The Future of Christianity is Punk

Here are a few noteworthy paragraphs behind the thesis of the provocatively titled New York Times opinion essay from Dr. Tara Isabella Burton.

* More and more young Christians, disillusioned by the political binaries, economic uncertainties and spiritual emptiness that have come to define modern America, are finding solace in a decidedly anti-modern vision of faith. As the coronavirus and the subsequent lockdowns throw the failures of the current social order into stark relief, old forms of religiosity offer a glimpse of the transcendent beyond the present.

Many of us call ourselves “Weird Christians,” albeit partly in jest. What we have in common is that we see a return to old-school forms of worship as a way of escaping from the crisis of modernity and the liberal-capitalist faith in individualism.

Weird Christians reject as overly accommodationist those churches, primarily Mainline Protestant denominations like Episcopalianism and Lutheranism, that have watered down the stranger and more supernatural elements of the faith (like miracles, say, or the literal resurrection of Jesus Christ). But they reject, too, the fusion of ethnonationalism, unfettered capitalism and Republican Party politics that has come to define the modern white evangelical movement.

Weird Christianity is equal parts traditionalism and, well, punk: Christianity as transgressive alternative to contemporary secular capitalist culture. Like punk, Weird Christianity has its own, clearly defined aesthetic. Many Weird Christians across the denominational and political spectrum express fondness for older, more liturgically elaborate practices — like the Episcopal Rite I, a form of worship that draws on Elizabethan-era language, say, or the Latin Mass, or the wearing of veils to church.

* The Weird Christian movement, loose and fledgling though it is, isn’t just about its punk-traditionalist aesthetic, a valorization of a half-imagined past. It is at its most potent when it challenges the present, and reimagines the future. Its adherents are, like so many young Americans of all religious persuasions, characterized by their hunger for something more than contemporary American culture can offer, something transcendent, politically meaningful, personally challenging. Like the hipster obsession with “authenticity” that marked the mid-2010s, the rise of Weird Christianity reflects America’s unfulfilled desire for, well, something real.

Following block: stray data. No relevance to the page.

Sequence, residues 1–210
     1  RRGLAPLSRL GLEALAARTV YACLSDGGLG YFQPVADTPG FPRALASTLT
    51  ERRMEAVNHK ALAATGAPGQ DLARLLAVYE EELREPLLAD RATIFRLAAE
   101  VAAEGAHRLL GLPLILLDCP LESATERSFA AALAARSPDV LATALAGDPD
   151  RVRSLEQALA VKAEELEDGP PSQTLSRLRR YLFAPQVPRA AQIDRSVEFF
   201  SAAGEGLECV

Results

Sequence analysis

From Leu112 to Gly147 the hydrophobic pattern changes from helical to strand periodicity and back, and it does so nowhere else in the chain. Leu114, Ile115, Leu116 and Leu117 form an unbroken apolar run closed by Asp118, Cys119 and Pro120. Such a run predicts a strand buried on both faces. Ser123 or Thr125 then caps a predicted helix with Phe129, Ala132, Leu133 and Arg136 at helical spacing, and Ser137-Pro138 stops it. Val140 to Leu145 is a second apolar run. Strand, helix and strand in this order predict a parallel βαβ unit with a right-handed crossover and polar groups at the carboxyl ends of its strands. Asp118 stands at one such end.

Read the entire piece HERE.


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Mermaids returning to Montana tiki bar as it reopens

Addie Jardee, one of the mermaids at the Sip ‘n Dip. Photo: Rich Addicks for The New York Times

GREAT FALLS, Mont. (AP) — For patrons at a Montana tiki bar that has a back wall of a window into a motel swimming pool, it’s typical to see mermaids in the water five nights a week.

So as the owner of the O’Haire Motor Inn and the Sip ‘n Dip Lounge in Great Falls began preparing to reopen the bar after eights weeks of coronavirus-related restrictions, she wanted things to be as close to normal as possible — and that included the underwater entertainment. Sandra Thares said she emailed regulators for guidance on whether mermaid shows could resume.

Gov. Steve Bullock’s office said yes. The Cascade County health department said no, believing pools couldn’t reopen until the third phase of the gradual reopening of the state’s economy. After some back-and-forth in which the governor’s office noted hotel pools could reopen for registered guests with social distancing guidelines, the county OK’d the mermaid entertainment as long as only one mermaid was in the pool at a time, Thares said. There’s usually two.

“We were not trying to step on anyone’s toes, we were just trying to put people back to work,” Thares said Wednesday.

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Tenor’s Prayer

Andrea Bocelli in Milan Cathedral. Photo by LUCA ROSSETTI, COURTESY SUGAR SRL, DECCA RECORDS.jpg

By Steve Beard

Perhaps no singular image better captured Easter under the treacherous cruelty of the coronavirus than Andrea Bocelli performing a solitary sacred concert in the spectacularly cavernous Duomo di Milano, the cathedral in Milan, Italy.